Panic Attacks & Panic Disorder

Your heart pounds…
Your stomach clenches…
It may feel hard to breathe…
You may feel clammy, dizzy, or suddenly disconnected from your surroundings…
You may feel a sense of doom or disaster, even a fear of impending death…
The mind races:
Am I having a heart attack?
Am I having a stroke?
Am I losing my mind?

If you suffer from panic attacks, you are not alone.
Panic attacks are highly distressing but very common.
They are also highly treatable. 


What Is It?
Panic attacks are psychological and physical (body-mind) events in which the body’s emergency response system (also called the “fight-or-flight” system) becomes activated at inappropriate times. This natural component of our nervous system is there to help us deal with genuine, life-threatening emergencies that require immediate action. But for some people, the emergency-response system is kicked off in non-emergency situations.  The resulting intense physical distress and feelings of fear can be terrifying and disorienting.

What’s the impact?
Although most panic attacks are brief in duration, the distress may cause you to be increasingly anxious about the possibility of having another panic attack, so much so that you are severely distracted from the ordinary tasks and enjoyments or your daily life. You may become so preoccupied with the possibility of further panic attacks that you begin to curtail your activities, avoiding places or situations that you think might provoke the panic again. When panic disorder is this severe, it may limit your ability to function in your personal life and/or your work life.

Most people with panic attacks have visited the doctor or the emergency room to find out if there is a physical illness causing the symptoms, and found out that they do not have an underlying medical illness. Physicians may have provided anti-anxiety drugs, which can help reduce the severity of symptoms of an attack, but which don’t do anything to prevent an attack, and which can be habit forming. Even less severe panic disorder can make life feel like a constant state of fearful anticipation.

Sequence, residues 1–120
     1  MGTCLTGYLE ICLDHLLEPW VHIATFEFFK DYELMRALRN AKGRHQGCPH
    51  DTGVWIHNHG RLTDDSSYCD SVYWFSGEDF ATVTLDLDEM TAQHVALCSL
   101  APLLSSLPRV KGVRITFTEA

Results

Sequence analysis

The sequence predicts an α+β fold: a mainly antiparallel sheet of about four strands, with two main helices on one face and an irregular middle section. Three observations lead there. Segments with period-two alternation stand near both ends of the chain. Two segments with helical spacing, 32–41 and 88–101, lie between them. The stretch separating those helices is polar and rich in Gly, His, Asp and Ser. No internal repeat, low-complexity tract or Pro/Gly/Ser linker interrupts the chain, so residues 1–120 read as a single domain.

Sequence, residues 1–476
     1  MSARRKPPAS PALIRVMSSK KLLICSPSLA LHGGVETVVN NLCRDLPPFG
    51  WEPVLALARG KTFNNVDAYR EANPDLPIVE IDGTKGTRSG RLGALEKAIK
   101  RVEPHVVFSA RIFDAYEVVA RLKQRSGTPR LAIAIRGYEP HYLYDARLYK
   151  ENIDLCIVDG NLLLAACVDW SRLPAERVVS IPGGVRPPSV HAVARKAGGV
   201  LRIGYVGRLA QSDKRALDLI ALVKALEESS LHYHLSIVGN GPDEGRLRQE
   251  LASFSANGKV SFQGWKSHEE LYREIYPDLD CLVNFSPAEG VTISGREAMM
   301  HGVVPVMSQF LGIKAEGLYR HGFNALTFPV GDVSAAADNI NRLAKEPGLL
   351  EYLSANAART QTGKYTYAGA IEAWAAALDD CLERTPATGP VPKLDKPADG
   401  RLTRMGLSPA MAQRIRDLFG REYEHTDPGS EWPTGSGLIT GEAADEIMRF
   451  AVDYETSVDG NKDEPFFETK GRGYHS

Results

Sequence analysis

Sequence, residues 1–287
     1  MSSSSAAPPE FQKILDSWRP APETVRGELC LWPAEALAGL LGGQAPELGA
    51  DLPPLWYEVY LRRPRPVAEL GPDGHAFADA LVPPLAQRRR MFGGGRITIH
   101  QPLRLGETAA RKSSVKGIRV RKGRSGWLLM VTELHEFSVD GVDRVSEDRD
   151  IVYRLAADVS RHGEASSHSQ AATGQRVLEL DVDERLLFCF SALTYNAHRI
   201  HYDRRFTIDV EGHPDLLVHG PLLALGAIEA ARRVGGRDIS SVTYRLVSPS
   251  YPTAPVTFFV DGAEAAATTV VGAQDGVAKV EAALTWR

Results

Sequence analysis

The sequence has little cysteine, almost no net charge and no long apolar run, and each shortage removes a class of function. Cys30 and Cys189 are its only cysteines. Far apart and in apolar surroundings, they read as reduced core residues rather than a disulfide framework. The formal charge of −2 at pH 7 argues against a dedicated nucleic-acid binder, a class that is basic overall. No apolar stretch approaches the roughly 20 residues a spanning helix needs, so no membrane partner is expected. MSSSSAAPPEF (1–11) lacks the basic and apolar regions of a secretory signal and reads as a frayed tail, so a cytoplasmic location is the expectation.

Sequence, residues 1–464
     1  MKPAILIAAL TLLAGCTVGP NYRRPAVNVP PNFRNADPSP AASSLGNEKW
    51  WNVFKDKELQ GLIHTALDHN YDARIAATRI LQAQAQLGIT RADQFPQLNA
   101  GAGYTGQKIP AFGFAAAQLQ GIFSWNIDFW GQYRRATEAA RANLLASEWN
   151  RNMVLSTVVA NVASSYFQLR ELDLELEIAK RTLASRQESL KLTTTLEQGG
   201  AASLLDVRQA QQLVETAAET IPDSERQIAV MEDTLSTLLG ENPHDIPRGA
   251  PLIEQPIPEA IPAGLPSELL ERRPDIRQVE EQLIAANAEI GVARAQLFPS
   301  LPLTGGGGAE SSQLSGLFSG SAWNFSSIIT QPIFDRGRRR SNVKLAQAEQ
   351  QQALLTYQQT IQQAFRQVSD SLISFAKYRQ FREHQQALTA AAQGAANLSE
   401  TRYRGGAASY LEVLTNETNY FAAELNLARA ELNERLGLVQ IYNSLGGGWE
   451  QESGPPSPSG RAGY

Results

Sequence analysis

What can help?
There are demonstrably effective ways to reduce panic in your life, and reclaim your sense of well-being:

Psychological treatment of panic is a structured, well-proven approach that helps you develop skills to reduce the frequency and severity of panic and to make yourself less reactive to ordinary symptoms of anxiety that inevitably arise for all of us from time to time. Treatment includes careful attention to learning how to calm the body and how how to re-train the mind so that your thoughts (your “self-talk”) can help you (rather than escalate the situation even further) when anxiety rears it head.

Psychological treatment of panic may prevent or eliminate the need for anxiety medications, or can be used along with prescribed medications when that is most helpful.

A shared, supportive effort. You do not have to cope with panic on your own.
Although the core elements of psychological treatment of panic are well-established, our approach will always be based on an assessment of your unique experience of panic. The frequency, intensity, and sequencing of interventions is customized to match your needs, and treatment is provided in the context of a respectful, supportive, and comfortable working relationship with your psychologist. We use well-researched and demonstrably effective tools in a way that is specific to you, your goals, and your wishes.

If you wish to explore possible treatment of panic attacks, please feel free to contact me for a detailed telephone consultation at no cost.
You may reach out through the CONTACT page of this website or by telephone at 303-475-7987.